An internship in your field gives you experience for your resume.

Working hard to save the world is a noble cause, but it doesn't always have a traditional career path to follow, like becoming a scientist or teacher would have. Nonprofit organizations receive money through grants and fundraising and use this money to support their work, not to turn a profit. Since there's no straightforward path to working for a nonprofit, you can find the college path that fits best with your future interest in nonprofits, whether that's running the show or selling the nonprofit idea to potential donors.

Business Management

The day-to-day operations of nonprofits are similar to those of businesses. Studying business in college will help you learn how to manage any type of business, helping to put you in a position to work for any kind of nonprofit. You can focus your course selections on area within business that interest you the most. For example, marketing or communications may help if you hope to work in membership or fundraising for a nonprofit organization, while a focus studying human resources practices can help you learn to manage the people of any organization.

Nonprofit Management

Some colleges offer programs specifically focused on nonprofit management. Typically, these are graduate level programs, although you may be able to find such a specialty at the undergraduate level. In the program, you'll learn about managing funds, analyzing data, communications and general business management, using case studies that focus on nonprofit organizations.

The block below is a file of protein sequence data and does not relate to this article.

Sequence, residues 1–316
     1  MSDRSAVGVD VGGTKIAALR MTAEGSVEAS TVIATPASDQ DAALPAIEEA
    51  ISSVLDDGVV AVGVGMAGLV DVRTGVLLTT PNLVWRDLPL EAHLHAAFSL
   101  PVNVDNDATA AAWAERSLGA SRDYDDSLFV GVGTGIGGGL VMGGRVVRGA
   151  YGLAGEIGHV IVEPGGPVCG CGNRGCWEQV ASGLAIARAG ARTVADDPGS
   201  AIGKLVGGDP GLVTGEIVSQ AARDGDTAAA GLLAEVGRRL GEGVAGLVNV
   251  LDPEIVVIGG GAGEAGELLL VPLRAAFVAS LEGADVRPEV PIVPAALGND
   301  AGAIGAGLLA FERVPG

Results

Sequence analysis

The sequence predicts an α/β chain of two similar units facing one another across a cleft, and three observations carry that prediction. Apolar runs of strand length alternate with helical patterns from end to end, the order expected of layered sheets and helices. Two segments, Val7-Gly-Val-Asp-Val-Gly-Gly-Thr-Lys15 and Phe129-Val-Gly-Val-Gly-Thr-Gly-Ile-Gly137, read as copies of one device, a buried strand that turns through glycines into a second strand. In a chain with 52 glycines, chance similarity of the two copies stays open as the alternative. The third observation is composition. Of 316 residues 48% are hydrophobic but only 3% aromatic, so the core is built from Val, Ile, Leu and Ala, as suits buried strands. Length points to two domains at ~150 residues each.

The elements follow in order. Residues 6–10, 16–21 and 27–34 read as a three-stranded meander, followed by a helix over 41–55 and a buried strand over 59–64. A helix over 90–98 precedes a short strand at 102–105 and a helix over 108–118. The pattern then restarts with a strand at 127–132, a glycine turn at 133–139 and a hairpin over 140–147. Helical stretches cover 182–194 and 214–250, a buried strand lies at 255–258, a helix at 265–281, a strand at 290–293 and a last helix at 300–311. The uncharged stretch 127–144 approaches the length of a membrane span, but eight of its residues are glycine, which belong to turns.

Liberal Arts

According to Career Services at the University of Vermont, nonprofit organizations look for people who have good written and verbal communication skills, event planning skills and budget preparation skills. These are all skills you might build through a liberal arts degree, such as English or Philosophy. Although employers care more about the skills you have than what you majored in, according to the U.S. Bureau of Labor Statistics, you could still match your major to the type of nonprofit in which you hope to work. For instance, a sociology major might fit in well with an urban development nonprofit, while a political science major might be a good fit for a legal nonprofit.


Hands-on work experience can help you get your foot in the door at a nonprofit organization. Many colleges offer academic credit for internships with local nonprofit organizations. For example, if you want to work at a nonprofit that supports women, you might look for internships at a battered women's shelter or a women's health clinic; if you're interested in pro bono legal nonprofits, you might work for a lawyer or an advocacy group with a mission you believe in.